It is clear from the passage that God was fully in control of the circumstances during the period of the judges. “Now these are the nations that the Lord left, to test Israel by them, that is, all in Israel who had not experienced all the wars in Canaan. It was only in order that the generations of the people of Israel might know war, to teach war to those who had not known it before” (Judges 3:1-2 ESV). God always has a purpose for what He does, or what He allows. In the case of the Israelites, He seemed to have four different objectives in mind. First, was going to use the enemies left in the land to teach the Israelites how to fight. Most of the Israelites who were alive at this point had not participated in the battles to conquer the land and were inexperience at war. Plus, God wanted them to know how to fight according to His terms, not their own. Secondly, it is clear that God intended to punish Israel for her open rebellion against Him. So He made their enemies “thorns in their sides” and their gods would become “a snare.” Thirdly, God would use this period of time to expose within the people of Israel their lack of love and faithfulness. Finally, according to Deuteronomy 7:20-24, God actually preserved the land by allowing the Canaanites to remain in it until the Israelites were capable of taking it over and cultivating it themselves. Otherwise, if God had wiped out the Canaanites before the Israelites were ready to move in, the land would have gone wild. God had a purpose behind all of this, but the primary desire of His heart was that His people repent of their sins and return to Him. This is the primary message of the Old Testament. It is the central message that each of the prophets who would eventually be sent by God would proclaim over and over again. But in the book of Judges repentance seems to be missing.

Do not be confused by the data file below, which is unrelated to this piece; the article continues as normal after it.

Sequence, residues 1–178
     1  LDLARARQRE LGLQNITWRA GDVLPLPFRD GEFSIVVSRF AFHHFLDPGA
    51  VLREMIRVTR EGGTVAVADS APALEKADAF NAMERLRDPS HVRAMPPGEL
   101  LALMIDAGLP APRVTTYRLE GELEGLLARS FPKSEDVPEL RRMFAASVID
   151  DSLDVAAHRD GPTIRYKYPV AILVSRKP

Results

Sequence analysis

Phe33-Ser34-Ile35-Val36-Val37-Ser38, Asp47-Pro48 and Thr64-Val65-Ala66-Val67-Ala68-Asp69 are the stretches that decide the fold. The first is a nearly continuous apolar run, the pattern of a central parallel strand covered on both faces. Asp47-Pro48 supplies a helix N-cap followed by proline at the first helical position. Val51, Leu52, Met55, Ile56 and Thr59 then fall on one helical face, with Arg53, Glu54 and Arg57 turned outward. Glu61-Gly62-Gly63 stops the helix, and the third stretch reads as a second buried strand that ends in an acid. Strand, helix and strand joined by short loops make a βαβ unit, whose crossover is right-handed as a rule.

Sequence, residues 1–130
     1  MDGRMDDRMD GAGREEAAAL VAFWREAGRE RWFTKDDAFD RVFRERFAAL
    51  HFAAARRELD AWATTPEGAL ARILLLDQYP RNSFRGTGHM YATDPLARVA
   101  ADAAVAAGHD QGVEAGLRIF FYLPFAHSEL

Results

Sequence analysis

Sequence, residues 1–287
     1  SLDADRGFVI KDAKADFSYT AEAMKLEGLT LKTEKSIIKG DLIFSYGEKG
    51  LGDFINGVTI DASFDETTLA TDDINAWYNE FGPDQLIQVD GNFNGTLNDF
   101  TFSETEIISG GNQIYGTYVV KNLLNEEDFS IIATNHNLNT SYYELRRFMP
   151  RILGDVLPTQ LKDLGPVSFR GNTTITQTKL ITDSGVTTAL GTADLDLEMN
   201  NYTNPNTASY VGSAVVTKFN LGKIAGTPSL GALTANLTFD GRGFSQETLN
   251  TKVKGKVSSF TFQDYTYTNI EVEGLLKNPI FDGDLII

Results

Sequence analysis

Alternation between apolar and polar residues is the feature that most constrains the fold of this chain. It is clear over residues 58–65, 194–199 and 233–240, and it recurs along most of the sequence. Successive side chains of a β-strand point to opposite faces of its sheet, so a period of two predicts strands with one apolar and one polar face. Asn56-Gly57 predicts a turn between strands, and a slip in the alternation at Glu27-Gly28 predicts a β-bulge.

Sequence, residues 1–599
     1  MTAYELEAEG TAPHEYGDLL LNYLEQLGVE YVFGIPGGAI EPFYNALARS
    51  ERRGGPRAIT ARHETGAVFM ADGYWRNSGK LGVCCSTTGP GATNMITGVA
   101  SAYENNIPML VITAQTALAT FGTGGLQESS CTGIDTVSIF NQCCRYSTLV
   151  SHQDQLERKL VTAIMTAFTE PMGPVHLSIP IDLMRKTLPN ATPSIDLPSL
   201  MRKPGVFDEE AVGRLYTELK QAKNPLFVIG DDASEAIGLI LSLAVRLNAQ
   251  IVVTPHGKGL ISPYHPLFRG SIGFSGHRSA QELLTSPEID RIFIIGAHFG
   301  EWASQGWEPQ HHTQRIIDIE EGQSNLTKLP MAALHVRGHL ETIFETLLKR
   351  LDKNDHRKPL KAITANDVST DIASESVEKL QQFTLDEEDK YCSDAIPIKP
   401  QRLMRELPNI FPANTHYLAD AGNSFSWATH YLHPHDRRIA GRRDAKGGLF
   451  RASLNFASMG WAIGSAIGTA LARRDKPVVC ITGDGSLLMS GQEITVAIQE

What does this passage reveal about man?